UniTeller and Banorte with the Center for International Monetary Studies (CLAMS ) and the Multilateral Investment Fund ( MIF ) of the Inter-American Development Bank Group (IDB ) , presented the Women’s Migration and Mexican Income from Remittances study = in the CEMLA headquarters in Mexico City . The study acknowledges that there are millions of Mexicans who have migrated abroad and that each year they send billions of dollars to their families in Mexico.
The study focuses on female Mexican migration to the United States and the impact this migration has had on remittances from that country, whereas in 2013 the country represented the destination of 97.8 % of the Mexican migration and consequently a similar percentage of the Mexican income due to remittances.
In 2013 the total number of female international migrants resulted in 111.2 million, which represented 48% of all migrants and 3.1 % of the world women population.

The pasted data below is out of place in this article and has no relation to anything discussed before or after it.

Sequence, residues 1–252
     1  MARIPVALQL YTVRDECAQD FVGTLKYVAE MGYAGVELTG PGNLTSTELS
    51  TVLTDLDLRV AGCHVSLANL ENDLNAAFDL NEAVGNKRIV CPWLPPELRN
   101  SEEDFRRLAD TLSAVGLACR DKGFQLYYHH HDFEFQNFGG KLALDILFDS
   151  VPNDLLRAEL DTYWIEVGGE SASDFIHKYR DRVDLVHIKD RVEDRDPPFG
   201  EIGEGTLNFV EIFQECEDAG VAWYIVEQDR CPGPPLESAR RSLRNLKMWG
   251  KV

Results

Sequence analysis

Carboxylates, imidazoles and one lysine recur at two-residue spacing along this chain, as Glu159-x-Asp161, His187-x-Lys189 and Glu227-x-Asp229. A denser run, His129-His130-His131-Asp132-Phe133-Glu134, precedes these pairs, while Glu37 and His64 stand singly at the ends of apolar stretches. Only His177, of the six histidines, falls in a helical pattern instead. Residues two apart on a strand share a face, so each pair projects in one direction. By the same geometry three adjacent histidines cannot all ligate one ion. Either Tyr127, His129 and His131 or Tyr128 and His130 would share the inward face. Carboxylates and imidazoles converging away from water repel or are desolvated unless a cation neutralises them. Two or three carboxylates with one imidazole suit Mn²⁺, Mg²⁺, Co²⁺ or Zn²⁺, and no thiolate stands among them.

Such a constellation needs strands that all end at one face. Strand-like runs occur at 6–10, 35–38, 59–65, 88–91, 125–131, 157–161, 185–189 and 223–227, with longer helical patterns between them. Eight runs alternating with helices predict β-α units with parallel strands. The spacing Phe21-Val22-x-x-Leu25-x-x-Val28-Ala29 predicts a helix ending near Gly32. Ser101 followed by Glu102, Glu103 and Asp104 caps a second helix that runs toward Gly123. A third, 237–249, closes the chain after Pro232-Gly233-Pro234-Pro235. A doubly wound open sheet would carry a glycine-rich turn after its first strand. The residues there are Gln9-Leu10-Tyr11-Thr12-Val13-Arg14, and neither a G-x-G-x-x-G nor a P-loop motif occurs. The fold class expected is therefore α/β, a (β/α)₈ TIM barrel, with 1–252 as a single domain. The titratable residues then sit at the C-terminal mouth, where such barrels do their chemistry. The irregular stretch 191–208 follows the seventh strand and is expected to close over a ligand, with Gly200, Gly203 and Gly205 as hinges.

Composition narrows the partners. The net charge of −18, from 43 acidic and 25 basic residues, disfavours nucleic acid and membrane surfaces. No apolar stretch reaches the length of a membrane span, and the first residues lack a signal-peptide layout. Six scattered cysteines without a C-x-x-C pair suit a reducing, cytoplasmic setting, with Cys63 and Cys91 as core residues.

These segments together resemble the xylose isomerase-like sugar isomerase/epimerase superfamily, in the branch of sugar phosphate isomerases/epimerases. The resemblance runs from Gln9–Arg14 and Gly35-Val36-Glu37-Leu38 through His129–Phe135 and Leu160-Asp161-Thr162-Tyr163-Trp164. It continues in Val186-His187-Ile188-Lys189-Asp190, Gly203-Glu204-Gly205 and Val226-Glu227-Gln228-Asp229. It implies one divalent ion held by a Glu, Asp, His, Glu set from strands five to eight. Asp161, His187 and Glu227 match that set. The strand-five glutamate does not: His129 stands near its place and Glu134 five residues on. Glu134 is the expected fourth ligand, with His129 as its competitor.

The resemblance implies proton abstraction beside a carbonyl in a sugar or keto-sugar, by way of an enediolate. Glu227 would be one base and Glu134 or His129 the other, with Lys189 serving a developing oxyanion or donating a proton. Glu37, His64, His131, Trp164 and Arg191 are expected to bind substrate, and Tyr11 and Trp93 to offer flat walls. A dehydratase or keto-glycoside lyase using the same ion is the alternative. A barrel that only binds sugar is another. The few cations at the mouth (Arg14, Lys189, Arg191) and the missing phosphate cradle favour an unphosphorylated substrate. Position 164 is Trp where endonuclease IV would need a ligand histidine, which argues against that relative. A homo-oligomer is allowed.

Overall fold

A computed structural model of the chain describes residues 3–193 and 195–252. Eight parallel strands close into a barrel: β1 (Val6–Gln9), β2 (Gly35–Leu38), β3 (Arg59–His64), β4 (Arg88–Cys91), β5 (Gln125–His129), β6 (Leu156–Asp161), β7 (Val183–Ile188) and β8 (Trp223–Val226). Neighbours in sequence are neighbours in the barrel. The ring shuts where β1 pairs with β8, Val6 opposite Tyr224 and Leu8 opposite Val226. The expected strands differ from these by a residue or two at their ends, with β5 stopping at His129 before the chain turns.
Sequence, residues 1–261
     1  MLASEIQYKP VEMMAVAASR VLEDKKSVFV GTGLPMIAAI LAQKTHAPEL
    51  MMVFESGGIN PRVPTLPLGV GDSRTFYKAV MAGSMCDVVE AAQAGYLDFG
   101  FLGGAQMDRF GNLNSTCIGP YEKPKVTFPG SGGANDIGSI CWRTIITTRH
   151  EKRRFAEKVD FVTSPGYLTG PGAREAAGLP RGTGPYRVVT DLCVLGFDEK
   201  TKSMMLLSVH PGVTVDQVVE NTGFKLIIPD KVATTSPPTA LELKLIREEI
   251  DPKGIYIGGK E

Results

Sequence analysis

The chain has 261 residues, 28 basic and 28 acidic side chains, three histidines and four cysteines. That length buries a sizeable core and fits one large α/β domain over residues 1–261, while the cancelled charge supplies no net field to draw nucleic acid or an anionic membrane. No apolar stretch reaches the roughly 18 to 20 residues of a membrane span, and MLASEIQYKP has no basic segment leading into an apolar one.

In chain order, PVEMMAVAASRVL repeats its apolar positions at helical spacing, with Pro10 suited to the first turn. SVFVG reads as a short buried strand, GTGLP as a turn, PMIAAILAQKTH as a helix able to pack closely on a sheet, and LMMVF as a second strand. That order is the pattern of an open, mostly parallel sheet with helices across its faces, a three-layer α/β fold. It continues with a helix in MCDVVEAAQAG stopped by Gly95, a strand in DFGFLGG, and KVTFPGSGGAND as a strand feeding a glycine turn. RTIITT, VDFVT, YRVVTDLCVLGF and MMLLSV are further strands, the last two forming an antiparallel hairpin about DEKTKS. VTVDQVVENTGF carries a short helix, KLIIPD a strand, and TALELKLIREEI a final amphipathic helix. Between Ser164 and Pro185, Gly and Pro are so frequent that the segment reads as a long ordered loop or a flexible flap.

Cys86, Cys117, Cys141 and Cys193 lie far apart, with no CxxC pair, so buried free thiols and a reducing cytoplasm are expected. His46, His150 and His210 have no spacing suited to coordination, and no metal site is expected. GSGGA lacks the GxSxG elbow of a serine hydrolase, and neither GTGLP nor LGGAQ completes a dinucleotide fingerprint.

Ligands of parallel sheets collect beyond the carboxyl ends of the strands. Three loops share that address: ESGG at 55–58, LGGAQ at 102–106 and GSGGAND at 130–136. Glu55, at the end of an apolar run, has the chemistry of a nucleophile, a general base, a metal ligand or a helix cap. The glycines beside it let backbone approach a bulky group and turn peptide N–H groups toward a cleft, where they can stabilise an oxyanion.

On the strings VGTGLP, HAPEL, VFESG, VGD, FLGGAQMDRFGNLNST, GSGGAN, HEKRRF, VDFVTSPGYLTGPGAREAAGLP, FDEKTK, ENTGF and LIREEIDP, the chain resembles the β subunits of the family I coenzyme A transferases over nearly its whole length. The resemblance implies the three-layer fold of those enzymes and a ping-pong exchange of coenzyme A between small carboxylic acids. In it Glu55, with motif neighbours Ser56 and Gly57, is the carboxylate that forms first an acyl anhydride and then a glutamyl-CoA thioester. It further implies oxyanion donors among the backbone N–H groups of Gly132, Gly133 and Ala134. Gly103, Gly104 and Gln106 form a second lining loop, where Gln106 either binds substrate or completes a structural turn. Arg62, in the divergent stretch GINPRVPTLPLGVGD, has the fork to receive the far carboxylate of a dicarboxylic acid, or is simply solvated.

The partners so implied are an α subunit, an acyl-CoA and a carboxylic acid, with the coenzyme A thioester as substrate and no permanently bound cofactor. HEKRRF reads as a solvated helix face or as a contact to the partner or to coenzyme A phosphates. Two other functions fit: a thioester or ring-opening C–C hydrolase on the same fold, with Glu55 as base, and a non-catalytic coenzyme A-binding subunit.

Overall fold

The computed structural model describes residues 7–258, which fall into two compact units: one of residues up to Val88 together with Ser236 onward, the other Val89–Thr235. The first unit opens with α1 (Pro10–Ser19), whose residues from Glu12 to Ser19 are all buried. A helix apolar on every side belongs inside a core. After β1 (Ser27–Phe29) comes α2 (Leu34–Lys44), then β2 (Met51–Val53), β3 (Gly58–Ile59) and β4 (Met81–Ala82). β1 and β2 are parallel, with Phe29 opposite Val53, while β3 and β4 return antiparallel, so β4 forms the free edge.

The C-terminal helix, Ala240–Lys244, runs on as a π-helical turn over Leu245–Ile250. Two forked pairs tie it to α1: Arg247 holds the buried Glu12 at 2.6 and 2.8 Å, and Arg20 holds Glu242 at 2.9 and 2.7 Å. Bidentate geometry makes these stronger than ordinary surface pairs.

In recent decades, the international female migration has shown a more dynamism than the female world population growth. On the other hand, women represent the primary beneficiary group of remittances with 71.7% of the number of transfers and the 67.4% of the resources sent..
Both in remittances sent by men and by women, the main beneficiary group is women. Overall, the remittances that women send to Mexico are of smaller amount that those sent by men, regardless of the gender of the recipient.
Durante una breve intervención, Barry Jonson a nombre de la Cámara de Comercio del Gran Miami, precisó que “esta red constituye una asociación estratégica de Estados Unidos con otras regiones geográficas, a través de Miami que es la ciudad propicia para este tipo de vínculo”.